You can also offer to make an exercise plan together and keep each other accountable. Living an active lifestyle is such an essential part of living healthy with diabetes.

At the end of the day, the best thing you can do is be positive.

Those with diabetes, especially those who have recently been diagnosed can feel stressed out. Offer positivity, asking them what you can do to help, and just being the friend or family member that they can always rely on to brighten their day and offer encouragement.

How You Can Make a Difference

Want to make a difference and help those suffering from diabetes? Start by getting involved with Diabetes Awareness Month!

You can go to Count Me In, created by the American Diabetes Association (ADA) to become a volunteer, become an advocate, or join the online conversation. Find your local office here, or call 1-888-342-2383 to join hundreds of thousands of volunteers for the ADA who are making a positive impact on their community through outreach, advocacy, and inspiration. Learn about more ways to get involved on the ADA website.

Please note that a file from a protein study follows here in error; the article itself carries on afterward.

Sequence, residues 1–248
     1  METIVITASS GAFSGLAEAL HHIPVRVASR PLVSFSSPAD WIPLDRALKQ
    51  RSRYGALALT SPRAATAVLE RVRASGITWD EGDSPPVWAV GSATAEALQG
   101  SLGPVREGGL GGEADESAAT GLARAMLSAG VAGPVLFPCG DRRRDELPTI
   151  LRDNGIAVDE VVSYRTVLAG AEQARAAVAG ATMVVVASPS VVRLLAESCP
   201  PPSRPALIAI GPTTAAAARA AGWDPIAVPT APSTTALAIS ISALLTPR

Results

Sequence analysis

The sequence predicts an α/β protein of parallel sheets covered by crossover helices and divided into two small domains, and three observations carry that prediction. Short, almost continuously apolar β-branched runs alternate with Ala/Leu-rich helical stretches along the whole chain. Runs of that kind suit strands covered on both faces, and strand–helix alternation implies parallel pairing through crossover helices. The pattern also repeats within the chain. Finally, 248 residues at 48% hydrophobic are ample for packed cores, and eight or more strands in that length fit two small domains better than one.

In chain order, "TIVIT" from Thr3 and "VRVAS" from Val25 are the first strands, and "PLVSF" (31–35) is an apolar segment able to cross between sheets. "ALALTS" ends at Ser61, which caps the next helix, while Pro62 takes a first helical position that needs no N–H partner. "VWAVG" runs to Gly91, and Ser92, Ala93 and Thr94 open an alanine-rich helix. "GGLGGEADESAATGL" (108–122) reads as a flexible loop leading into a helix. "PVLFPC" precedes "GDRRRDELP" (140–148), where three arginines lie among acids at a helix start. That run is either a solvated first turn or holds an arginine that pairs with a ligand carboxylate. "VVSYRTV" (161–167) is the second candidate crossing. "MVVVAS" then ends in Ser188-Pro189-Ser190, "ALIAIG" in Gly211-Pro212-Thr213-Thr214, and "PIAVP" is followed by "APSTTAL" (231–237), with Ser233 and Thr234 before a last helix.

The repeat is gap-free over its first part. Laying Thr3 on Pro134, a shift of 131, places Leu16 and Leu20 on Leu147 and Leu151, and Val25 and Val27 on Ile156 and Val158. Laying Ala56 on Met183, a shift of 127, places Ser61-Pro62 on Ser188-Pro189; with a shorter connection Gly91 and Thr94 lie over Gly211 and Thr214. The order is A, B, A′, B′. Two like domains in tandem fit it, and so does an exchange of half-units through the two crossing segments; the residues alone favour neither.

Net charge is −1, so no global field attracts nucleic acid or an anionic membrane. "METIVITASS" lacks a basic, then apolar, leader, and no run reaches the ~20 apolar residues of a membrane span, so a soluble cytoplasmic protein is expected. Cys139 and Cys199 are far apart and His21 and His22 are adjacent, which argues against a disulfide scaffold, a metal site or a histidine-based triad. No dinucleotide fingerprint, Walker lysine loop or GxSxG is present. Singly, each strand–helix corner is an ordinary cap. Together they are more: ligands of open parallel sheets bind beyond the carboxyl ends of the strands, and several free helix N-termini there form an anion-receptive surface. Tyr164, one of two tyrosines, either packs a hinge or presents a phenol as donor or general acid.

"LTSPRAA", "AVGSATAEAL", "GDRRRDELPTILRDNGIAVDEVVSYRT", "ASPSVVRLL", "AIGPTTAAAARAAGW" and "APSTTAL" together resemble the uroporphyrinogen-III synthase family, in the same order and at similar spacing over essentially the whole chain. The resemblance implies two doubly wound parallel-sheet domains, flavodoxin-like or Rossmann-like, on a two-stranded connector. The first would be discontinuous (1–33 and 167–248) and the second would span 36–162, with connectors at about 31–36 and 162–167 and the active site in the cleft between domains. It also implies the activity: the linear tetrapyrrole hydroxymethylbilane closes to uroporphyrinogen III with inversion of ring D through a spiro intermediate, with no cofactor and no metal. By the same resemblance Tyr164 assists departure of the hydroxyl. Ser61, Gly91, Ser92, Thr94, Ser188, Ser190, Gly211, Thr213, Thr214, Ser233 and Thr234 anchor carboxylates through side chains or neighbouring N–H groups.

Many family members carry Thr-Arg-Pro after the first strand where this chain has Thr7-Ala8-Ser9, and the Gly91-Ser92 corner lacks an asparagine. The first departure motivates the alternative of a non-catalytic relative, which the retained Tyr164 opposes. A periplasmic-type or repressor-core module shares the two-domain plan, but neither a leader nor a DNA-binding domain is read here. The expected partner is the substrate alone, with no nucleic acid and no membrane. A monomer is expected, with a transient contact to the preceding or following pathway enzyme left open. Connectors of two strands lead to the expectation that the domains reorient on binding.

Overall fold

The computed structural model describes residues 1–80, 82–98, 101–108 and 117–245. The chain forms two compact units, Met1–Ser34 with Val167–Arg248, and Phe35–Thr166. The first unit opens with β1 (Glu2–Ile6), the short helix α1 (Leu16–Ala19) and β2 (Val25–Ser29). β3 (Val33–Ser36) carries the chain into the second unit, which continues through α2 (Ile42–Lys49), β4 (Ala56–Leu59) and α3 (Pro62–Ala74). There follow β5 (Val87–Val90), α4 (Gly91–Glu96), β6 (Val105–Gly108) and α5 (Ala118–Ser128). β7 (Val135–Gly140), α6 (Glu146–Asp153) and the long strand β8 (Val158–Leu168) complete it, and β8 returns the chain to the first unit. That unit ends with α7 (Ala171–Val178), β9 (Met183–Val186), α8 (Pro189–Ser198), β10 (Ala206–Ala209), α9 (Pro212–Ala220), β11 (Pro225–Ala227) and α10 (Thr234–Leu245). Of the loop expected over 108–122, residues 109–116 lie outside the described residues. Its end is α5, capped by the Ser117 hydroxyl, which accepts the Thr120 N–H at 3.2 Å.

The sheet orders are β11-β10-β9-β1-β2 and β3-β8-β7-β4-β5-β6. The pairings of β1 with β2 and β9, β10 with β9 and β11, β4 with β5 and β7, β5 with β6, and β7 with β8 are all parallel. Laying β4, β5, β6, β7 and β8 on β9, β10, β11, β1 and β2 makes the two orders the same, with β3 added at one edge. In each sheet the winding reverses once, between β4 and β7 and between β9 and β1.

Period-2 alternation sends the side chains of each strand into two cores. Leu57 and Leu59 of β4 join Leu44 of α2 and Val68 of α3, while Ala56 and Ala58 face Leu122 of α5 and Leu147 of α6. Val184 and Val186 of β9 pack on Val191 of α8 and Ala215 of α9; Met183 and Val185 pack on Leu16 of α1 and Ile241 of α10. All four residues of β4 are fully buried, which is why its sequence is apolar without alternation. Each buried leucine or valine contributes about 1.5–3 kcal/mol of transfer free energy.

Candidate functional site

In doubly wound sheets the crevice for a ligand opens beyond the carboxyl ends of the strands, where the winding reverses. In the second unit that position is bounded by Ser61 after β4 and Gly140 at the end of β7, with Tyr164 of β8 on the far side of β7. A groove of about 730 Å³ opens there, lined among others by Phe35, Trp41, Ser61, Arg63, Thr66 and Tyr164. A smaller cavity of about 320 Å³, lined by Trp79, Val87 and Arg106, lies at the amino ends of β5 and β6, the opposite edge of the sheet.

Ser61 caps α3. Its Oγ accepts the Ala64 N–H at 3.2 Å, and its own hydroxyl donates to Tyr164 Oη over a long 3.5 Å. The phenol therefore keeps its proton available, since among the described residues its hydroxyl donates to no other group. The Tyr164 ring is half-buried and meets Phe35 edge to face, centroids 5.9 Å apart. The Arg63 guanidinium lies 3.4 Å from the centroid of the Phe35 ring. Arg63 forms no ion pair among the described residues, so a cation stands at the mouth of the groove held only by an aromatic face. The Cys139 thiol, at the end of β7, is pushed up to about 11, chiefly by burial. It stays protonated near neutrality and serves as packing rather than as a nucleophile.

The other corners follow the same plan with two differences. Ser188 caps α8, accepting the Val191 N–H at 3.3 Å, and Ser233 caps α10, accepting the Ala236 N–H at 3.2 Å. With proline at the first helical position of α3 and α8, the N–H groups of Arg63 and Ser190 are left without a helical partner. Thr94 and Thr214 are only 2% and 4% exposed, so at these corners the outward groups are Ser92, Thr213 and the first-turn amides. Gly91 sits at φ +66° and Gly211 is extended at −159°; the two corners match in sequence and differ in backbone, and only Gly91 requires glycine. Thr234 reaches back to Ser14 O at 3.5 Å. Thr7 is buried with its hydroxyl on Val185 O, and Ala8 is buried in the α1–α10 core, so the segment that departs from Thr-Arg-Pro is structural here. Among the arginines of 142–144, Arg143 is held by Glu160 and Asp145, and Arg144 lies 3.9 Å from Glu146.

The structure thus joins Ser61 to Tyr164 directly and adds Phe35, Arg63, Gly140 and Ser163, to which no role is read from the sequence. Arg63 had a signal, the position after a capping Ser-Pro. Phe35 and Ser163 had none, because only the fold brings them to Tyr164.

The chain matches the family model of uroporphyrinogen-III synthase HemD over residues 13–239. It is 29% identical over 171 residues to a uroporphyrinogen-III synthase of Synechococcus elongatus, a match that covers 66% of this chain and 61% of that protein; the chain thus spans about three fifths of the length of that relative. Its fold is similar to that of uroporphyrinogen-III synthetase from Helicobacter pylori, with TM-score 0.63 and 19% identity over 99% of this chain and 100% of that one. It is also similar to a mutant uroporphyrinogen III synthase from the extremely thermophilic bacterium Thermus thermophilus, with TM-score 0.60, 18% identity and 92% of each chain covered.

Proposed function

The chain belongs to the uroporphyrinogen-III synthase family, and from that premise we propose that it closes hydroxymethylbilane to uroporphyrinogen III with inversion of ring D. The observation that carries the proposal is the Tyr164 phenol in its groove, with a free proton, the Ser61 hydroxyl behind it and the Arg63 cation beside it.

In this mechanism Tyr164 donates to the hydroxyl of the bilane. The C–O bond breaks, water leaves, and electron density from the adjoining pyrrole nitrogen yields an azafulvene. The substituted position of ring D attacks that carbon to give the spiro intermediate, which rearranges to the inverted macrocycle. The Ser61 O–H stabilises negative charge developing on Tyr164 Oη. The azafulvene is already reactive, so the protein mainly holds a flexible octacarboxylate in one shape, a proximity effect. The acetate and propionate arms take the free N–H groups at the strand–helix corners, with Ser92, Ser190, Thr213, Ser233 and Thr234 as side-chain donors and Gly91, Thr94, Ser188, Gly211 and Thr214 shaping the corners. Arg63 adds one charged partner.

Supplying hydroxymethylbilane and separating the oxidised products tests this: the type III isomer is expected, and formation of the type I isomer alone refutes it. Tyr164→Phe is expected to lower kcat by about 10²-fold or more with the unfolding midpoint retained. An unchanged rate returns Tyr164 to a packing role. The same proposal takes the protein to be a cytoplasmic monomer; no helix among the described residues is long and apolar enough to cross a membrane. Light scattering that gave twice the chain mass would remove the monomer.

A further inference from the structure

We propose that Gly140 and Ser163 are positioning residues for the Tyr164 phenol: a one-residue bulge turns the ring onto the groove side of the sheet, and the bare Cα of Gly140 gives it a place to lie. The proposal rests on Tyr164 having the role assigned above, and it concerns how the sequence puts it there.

You can also host a meetup in your area, host a fundraiser, or even just wear a World Diabetes Awareness Month shirt to spread awareness throughout the month of November.

By getting involved, you can help bring awareness to diabetes and continue to help the movement in finding better ways to prevent and treat this condition that affects millions of people worldwide.

Read More About Diabetes Awareness Month


NIH. What is Diabetes? Accessed November 20, 2019 at

NIH. Symptoms & Causes of Diabetes. Accessed November 20, 2019 at

Most PlushCare articles are reviewed by M.D.s, Ph.Ds, N.P.s, nutritionists and other healthcare professionals. Click here to learn more and meet some of the professionals behind our blog. The PlushCare blog, or any linked materials are not intended and should not be construed as medical advice, nor is the information a substitute for professional medical expertise or treatment. For more information click here.